40 to 50 dried corn husks
1 large onion, chopped
2 large cloves garlic, pressed or minced
1 teaspoon ground cinnamon
1 teaspoon cumin,1 teaspoon chili powder,1/4 teaspoon salt,1/2 teaspoon fresh ground black pepper
1 28-oz. can chopped tomatoes
1 can tomato paste
2 teaspoons chicken base or bouillon
1 lb. boneless skinless chicken breasts or tenders with tendons removed
1 to 2 fresh roasted poblanos or pasilla chilies
16 to 18 small green olives, thinly sliced
1 cup yellow corn meal
3 1/2 cups cold water
3 teaspoons chicken base or bouillon
1/2 teaspoon salt
1 egg plus 2 egg whites
1 cup masa harina (corn flour)
1/8 to 1/4 cup stock or warm water*
1. Place corn husks in large pot; add very hot water to cover. Top husks with plate or heavy jar to keep them submerged. Let husks stand for at least 3 hours or overnight.
2. Preheat a large stick-resistant pan or skillet on medium. Sauté onion and garlic and until soft, about 4 minutes. Stir in cinnamon, cumin, salt and chili powder; add tomatoes, tomato paste, and bouillon. Increase heat to medium-high, add chicken and bring and sauce to a low boil. Cover, reduce heat to low and simmer until chicken is tender, 20 minutes for breasts, 10 to 15 for tenders. Remove chicken from sauce and set aside to cool.
3. Increase medium. Stirring frequently, cook until the consistency of thick tomato sauce, then reduce heat to low.
4. Cut or shred chicken into small pieces; add chicken and olives to sauce. Cook all ingredients together 2 to 3 minutes; cover and remove from heat.
4. Drain cornhusks; rinse and if necessary, rub each husk under running water to remove any silk or debris. Drain well; pat dry and wrap in a towel to keep pliable.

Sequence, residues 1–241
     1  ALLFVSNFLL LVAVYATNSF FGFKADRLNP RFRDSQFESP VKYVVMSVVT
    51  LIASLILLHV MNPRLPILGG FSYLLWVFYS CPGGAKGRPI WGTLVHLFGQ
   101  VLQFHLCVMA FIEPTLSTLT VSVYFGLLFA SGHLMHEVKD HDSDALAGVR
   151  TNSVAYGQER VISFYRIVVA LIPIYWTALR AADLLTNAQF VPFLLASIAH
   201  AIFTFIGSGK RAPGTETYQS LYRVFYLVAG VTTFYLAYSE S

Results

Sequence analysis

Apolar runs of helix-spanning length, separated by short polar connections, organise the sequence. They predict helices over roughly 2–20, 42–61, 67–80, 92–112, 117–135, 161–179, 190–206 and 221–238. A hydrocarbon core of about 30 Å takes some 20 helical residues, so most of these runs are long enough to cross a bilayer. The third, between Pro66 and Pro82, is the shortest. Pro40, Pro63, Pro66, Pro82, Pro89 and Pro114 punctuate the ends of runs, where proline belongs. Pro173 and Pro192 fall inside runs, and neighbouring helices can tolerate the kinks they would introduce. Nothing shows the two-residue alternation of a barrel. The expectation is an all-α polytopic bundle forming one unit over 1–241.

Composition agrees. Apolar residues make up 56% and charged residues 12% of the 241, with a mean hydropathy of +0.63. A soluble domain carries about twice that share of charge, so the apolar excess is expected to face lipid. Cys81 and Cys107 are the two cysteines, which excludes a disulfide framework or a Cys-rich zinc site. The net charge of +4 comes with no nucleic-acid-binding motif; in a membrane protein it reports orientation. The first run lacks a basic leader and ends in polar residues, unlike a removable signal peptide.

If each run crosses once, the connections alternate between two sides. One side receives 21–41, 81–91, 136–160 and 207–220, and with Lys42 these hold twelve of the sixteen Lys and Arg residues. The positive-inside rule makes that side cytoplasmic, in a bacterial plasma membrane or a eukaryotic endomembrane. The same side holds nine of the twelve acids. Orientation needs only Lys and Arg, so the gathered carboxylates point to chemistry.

5. Combine cornmeal, salt, bouillon and 3 1/2 cups cold water in a medium saucepan. Stirring constantly with a wooden spoon, bring to boil over high heat. Continuing to stir constantly, reduce to medium and cook until cornmeal mush pulls away from sides and bottom of pan, 4 to 5 minutes. Remove from heat and allow to cool 3 to 5 minutes.
6. Transfer cornmeal mush to large mixer bowl; add egg and egg whites and beat 1 to 2 minutes. A fourth of a cup at a time, beat masa harina into mixture until thoroughly blended. If dough seems too thick to spread easily, beat an additional 1/8 to 1/4 cup stock or warm water into dough.
7. To prepare tamales: Lightly spray a corn husk with cooking spray; place 1 heaping tablespoon of dough in center of husk. Spread dough evenly into a 3- to 4-inch square about 1/4-inch thick and top with 2 to 3 tablespoons chicken mixture. Fold right, then left sides of husk over filling. Set tamale aside seam-side-down and repeat the process.
8. Line a large steamer pot with some of remaining cornhusks. Stack tamales either standing up side by side or laying seam side down inside pot. Cover top or last layer of tamales with cornhusks and/or a kitchen towel. Place pot above 3- to 4- inches boiling water; cover pot and reduce heat to maintain gentle boil. Steam tamales about 1½ to 2 ;hours; remove a tamale from the center of pot and carefully unwrap. If dough pulls easily away from husk, it’s done. If necessary, steam longer and test again until done. Serve tamales hot.
Yield 12 to 13 large tamales each at approximately 150 calories; 2 grams total fat; 0.4 saturated fat; 31 milligrams cholesterol; 22 grams carbohydrate; 3.6 grams dietary fiber; 12 grams protein; 600 milligrams sodium
Yield: 24 to 26 tamales each at approximately 75 calories; 1 gram total fat; 0.2 saturated fat; 15 milligrams cholesterol; 11 grams carbohydrate; 1.8 grams dietary fiber; 6 grams protein; 299 milligrams sodium.
HIGH FAT TAMALES 325 CALORIES VS LOW FAT TAMALES 150; 18 GRAMS FAT VS 2